The 2014 KPMG Global Technology Innovation survey has revealed that 3D printing, Internet of Things (IoT) and biotech/healthcare IT are amongst the top five disruptive technologies predicted to change the way we live and work over the next three years.
The three technologies were selected by more than twice as many respondents than in last year’s survey. Their dominance was noted alongside the continuing impact of Cloud and Mobile and the steady rise of data and analytics, autotech, and artificial intelligence – all of which are expected to transform businesses and organisations.
KPMG’s UK Head of Technology Tudor Aw said: “There is so much room for technology to drive growth and enable change. Yet whilst businesses across the globe are excited about the prospects that new tech-driven ideas can offer their bottom line, a hint of nervousness remains. The sectors and the businesses that will enjoy greatest success, however, will be those prepared to take a chance on something new. That’s not to say they should gamble on the next ‘big thing’ – but they shouldn’t be afraid to try.”
What to expect from new digital innovation
KPMG surveyed 768 technology business leaders – 70% of which were c-suite executives – to identify disruptive technologies, barriers to tech innovation adoption, and the scope of business disruption driven by emerging technologies.
The ‘Internet of Things’
Results from the survey reveal that businesses leaders believe that ‘intelligence shopping’ has the greatest potential to generate revenue because the IoT (20%) as devices communicate which each other. The business leaders also suggest that home automation (14%), and surveillance/security and social interaction (both at 12%) will also act as revenue drivers in the next 3 years.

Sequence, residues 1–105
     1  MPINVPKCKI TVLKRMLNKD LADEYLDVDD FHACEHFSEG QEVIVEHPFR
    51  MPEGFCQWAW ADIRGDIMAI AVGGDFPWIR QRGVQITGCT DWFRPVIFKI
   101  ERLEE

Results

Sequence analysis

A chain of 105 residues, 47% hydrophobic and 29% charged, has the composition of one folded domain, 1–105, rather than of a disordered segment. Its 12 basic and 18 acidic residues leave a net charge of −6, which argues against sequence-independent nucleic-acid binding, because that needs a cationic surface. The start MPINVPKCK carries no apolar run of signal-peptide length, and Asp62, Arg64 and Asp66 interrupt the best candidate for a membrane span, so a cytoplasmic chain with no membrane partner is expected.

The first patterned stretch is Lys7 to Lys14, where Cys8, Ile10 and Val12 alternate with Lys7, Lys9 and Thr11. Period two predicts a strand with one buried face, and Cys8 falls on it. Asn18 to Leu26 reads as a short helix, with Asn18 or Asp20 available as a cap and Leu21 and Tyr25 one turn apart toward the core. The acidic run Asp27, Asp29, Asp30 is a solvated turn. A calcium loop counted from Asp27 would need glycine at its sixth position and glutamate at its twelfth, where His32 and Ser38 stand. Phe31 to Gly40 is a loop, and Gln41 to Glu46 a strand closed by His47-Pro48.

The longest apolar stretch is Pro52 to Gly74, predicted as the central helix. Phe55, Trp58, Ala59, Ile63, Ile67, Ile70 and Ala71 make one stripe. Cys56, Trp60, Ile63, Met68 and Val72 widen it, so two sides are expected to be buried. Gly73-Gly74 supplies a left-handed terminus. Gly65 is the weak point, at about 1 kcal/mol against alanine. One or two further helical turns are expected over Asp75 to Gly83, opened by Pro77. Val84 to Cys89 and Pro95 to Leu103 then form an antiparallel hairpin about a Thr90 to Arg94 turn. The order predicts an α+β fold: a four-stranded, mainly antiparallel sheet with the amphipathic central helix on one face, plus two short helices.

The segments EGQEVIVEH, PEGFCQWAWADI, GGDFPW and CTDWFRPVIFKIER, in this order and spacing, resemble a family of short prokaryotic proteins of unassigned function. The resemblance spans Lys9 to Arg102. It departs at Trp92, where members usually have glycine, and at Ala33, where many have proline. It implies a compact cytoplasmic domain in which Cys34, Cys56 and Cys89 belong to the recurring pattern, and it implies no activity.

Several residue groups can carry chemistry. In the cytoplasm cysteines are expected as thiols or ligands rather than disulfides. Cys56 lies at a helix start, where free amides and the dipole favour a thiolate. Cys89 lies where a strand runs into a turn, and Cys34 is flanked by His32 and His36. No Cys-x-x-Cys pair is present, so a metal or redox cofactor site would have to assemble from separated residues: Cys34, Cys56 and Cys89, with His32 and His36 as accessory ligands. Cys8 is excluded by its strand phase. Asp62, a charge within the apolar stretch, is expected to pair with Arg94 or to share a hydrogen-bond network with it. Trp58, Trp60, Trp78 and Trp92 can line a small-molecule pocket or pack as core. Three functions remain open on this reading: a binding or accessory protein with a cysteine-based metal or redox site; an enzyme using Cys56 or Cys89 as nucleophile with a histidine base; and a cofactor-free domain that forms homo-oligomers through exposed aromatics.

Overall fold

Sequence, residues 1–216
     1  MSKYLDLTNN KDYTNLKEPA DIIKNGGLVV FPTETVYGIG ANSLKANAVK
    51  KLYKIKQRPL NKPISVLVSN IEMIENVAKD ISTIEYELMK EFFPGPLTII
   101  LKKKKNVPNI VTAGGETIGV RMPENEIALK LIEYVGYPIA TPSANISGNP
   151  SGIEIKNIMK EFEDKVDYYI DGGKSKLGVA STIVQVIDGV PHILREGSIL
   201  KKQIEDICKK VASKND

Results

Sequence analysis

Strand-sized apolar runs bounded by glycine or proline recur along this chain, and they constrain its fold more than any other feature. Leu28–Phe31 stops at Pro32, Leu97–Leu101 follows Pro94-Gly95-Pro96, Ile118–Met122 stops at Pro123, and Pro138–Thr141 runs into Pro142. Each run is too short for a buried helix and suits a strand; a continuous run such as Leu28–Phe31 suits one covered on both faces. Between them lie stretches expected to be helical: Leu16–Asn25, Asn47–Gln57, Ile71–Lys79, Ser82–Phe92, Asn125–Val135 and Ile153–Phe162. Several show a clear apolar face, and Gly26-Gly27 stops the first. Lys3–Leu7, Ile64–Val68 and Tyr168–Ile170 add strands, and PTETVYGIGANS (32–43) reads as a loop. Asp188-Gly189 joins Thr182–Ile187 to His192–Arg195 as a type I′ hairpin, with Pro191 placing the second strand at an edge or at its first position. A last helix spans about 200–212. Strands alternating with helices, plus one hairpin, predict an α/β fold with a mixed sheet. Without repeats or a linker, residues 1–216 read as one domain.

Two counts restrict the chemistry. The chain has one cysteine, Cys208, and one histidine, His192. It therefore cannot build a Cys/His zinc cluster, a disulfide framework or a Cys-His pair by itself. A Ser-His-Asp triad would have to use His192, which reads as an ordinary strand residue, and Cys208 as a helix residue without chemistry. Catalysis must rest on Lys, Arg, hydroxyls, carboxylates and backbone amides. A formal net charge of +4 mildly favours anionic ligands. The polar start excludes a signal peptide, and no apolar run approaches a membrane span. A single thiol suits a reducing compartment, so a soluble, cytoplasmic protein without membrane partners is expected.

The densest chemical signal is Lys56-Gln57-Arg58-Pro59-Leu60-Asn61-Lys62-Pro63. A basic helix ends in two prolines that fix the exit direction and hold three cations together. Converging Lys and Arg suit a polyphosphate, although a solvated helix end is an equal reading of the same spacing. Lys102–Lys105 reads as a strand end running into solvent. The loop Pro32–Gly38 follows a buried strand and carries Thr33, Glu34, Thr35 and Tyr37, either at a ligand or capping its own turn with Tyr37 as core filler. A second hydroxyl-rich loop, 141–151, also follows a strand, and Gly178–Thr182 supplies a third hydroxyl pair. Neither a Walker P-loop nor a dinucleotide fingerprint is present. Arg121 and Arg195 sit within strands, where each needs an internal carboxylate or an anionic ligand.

Digital currencies were also identified as one of the emerging technologies most likely to impact business between over the next three years. However, the extent to which they are likely to become a widespread method of payment varied enormously by location. For example, respondents across Europe were twice as likely (32%) as their counterparts in America (15%) to suggest that digital currencies will disrupt banking and payments in the next three years. This figure was overshadowed by respondents in China (70%).
Challenges to tech innovation
However, it’s not all good news for fans of technology. When asked which factors will limit or constrain innovation, 34% focused on restrictive regulatory policies, while 29% cited consumer fatigue. Just over a quarter (27%) said that the ability to successfully demonstrate return on investment was also a hindrance.
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